Broken bonds: A meta-analysis of emotion reactivity and regulation in emotionally maltreating parents

Iris Lavi, Iris Manor-Binyamini, Elizabeth Seibert, Lynn Fainsilber Katz, Emily J. Ozer, James J. Gross

Research output: Contribution to journalArticlepeer-review

11 Citations (SciVal)

Abstract

Background: Emotional maltreatment is the most pervasive but least studied form of abuse. Objective: In the present study, we examined the role of emotion reactivity and emotion regulation in emotional child maltreatment.
Methods: We identified nine studies that compared levels of parental emotion reactivity and regulation in emotionally maltreating families with levels in non-maltreating families.
Results: Our meta-analytic findings revealed that, in comparison to non-maltreating parents, parents who are emotionally maltreating their children report higher levels of negative affect, depression, verbal aggression, and anger. We also found that in comparison to non-maltreating parents, emotionally maltreating parents report lower levels of emotional control, emotion regulation, and coping strategies.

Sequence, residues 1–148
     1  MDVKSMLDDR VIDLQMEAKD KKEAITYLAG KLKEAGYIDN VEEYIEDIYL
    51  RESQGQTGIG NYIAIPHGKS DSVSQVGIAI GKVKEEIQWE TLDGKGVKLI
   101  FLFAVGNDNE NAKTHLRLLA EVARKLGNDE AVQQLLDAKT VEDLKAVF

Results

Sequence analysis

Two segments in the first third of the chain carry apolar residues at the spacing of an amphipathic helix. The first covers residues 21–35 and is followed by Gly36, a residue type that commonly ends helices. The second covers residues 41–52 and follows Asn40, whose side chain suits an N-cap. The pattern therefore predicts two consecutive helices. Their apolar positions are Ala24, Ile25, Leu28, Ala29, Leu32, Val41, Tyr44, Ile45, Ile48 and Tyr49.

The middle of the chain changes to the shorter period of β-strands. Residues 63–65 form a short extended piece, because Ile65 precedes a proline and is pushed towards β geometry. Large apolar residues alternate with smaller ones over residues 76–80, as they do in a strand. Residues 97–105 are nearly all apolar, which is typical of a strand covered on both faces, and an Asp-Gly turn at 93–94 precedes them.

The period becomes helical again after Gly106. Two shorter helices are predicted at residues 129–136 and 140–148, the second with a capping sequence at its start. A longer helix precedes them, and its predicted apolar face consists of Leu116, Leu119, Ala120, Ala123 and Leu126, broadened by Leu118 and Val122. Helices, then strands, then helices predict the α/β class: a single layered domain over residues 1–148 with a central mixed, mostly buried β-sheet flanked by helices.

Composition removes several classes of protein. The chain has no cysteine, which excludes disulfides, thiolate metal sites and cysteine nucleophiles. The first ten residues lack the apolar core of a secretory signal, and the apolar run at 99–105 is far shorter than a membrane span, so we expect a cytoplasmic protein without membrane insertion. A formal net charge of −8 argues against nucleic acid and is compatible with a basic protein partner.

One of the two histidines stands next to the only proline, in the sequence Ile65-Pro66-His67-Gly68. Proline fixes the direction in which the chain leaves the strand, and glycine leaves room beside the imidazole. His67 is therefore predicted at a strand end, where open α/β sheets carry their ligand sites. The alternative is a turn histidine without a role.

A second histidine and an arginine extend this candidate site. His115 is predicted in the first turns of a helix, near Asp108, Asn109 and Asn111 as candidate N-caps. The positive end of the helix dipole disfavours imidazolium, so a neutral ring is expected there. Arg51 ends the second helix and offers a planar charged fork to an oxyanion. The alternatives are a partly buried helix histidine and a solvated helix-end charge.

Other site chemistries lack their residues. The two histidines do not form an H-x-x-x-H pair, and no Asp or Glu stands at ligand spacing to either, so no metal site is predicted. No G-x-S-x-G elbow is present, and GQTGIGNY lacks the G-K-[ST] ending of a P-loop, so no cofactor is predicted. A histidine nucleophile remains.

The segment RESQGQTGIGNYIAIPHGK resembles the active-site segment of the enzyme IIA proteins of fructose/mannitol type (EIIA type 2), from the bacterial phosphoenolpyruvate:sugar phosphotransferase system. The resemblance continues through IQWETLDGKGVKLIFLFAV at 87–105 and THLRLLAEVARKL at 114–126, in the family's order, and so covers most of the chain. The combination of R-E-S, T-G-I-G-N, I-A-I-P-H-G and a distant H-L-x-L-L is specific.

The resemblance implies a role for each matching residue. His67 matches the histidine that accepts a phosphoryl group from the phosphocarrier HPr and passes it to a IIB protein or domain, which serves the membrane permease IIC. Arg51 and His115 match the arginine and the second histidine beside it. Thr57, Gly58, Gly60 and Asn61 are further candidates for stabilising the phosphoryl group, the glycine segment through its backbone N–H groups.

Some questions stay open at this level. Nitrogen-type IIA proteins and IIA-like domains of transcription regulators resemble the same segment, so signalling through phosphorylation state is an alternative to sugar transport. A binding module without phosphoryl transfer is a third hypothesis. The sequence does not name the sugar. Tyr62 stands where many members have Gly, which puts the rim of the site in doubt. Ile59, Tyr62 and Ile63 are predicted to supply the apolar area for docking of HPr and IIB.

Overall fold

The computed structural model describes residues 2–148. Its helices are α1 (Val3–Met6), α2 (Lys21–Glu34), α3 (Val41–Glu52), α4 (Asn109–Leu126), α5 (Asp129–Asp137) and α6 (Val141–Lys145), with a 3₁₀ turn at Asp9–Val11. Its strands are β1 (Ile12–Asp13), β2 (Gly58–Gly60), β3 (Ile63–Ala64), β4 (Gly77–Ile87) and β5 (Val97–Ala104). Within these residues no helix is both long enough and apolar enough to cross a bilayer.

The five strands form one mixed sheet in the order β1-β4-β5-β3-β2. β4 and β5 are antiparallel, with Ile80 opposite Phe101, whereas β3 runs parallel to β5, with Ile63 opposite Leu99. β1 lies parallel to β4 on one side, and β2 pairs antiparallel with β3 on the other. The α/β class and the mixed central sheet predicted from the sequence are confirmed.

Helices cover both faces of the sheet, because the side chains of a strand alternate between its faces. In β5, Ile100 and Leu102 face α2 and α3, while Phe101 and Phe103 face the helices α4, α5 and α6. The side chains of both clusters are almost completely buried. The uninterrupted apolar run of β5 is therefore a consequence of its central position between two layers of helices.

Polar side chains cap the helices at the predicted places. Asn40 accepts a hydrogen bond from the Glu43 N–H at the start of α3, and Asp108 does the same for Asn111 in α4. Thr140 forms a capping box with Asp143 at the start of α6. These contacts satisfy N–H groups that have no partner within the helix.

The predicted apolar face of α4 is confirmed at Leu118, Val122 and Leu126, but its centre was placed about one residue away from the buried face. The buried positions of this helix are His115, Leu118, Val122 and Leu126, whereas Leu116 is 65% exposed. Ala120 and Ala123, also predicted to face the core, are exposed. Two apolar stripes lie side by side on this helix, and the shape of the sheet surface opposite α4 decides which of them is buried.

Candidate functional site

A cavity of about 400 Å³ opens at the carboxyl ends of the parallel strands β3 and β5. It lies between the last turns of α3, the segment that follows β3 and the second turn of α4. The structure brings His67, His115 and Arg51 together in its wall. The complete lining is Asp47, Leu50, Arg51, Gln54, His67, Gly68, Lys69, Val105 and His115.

Conclusions: We outline the theoretical and practical implications of these results, and emphasize how research into the etiology of child maltreatment may provide the basis for more effective prevention, screening, and treatment practices designed to eradicate emotional maltreatment.
Original languageEnglish
Pages (from-to)376-388
Number of pages13
JournalChild Abuse and Neglect
Volume88
Early online date20 Dec 2018
DOIs
Publication statusPublished - 28 Feb 2019

Keywords

  • Child abuse
  • Child maltreatment
  • Child neglect
  • Emotion dysregulation
  • Emotion reactivity
  • Emotion regulation
  • Emotional maltreatment
  • Emotional processing
  • Intergenerational abuse
  • Parent-child bond

ASJC Scopus subject areas

  • Pediatrics, Perinatology, and Child Health
  • Developmental and Educational Psychology
  • Psychiatry and Mental health

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